4. Could ask a follow up question, what store did you buy that in ? (need to "cover" preterite this year... but that's actually an interesting question if you want to know!)

I know it's nothing earth-shattering. But I feel like it is going about as well as I expected.

Today I gave them a warm up where they were supposed to match the clothing words to the English counterpart and they did just fine.

So I am glad that this frees me up for teaching with stories and other things I enjoy in the rest of class and I can incorporate the clothing as needed.

Here's the template if you wanted to use something similar.

I don't change it every day, but might change the color of the socks, shoes, shirts, etc.

Tuesday, November 8, 2016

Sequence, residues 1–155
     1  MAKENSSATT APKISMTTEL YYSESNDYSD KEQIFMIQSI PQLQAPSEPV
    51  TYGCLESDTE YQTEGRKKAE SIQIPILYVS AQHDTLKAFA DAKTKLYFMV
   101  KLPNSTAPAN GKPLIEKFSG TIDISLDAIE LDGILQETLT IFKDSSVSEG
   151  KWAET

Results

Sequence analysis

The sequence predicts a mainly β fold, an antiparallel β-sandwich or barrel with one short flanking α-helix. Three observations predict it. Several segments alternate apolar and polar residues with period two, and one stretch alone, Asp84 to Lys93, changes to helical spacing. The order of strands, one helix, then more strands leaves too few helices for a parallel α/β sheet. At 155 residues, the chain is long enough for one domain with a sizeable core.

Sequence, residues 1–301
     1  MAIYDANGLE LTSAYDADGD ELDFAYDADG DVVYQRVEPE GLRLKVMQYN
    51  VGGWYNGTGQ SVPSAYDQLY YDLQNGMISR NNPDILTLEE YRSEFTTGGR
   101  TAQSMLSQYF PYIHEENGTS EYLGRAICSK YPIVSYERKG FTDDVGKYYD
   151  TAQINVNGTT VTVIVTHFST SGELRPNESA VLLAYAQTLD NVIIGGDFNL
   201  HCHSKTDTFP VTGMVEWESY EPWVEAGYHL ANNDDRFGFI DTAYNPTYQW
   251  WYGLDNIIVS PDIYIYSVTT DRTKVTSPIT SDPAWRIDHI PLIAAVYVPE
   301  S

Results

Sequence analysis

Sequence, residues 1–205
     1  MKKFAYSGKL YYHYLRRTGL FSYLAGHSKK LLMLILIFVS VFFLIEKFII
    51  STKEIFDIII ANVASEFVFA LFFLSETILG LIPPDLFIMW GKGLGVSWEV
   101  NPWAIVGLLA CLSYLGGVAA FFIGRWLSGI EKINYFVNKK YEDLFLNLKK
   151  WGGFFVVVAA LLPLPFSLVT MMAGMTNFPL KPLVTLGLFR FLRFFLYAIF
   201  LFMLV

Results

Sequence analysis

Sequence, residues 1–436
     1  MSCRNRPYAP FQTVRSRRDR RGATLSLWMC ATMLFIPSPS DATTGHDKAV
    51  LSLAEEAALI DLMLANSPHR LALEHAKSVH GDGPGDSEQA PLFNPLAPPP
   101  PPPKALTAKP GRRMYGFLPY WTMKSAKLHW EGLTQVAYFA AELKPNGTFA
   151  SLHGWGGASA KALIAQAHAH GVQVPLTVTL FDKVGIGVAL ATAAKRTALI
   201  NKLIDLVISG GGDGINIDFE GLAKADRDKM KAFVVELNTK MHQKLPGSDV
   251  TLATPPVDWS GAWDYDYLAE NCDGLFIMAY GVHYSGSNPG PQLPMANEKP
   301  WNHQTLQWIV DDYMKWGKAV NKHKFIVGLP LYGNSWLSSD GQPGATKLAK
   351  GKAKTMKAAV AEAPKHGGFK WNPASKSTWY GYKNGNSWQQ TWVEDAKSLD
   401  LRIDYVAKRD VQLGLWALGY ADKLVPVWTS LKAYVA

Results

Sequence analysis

Spanish 1 or 2 - story idea - didn't know how to dance!

*Disclaimer* The beauty of storytelling is that you really could use a story in any level. The complexity of your backstory or how you go about solving the problem is really defined by each level.  For example, you might be able to have way more complex dialogue in upper levels and ask the class things like, "what would you do if he/she said that to you!?"

Here's a story idea that I used in Spanish 2 a week or two ago:


  • No sabía bailar (S/he didn't know how to dance)
  • Le dijo, “Voy a regresar pronto” (S/he said to him/her, "I am going to return soon")
  • Le dio lecciones (s/he gave him/her lessons)

Some previous words I wanted to review:

  • s/he saw
  • s/he went towards
  • s/he wanted to dance
  • s/he was
  • s/he left (came out of)
  • s/he said to him/her

It's a pretty simple one.  Someone was at a party or in a club. They wanted to dance. They saw someone, went towards them, they told them, "I want to dance with you." Or asked, "Do you want to dance with me?"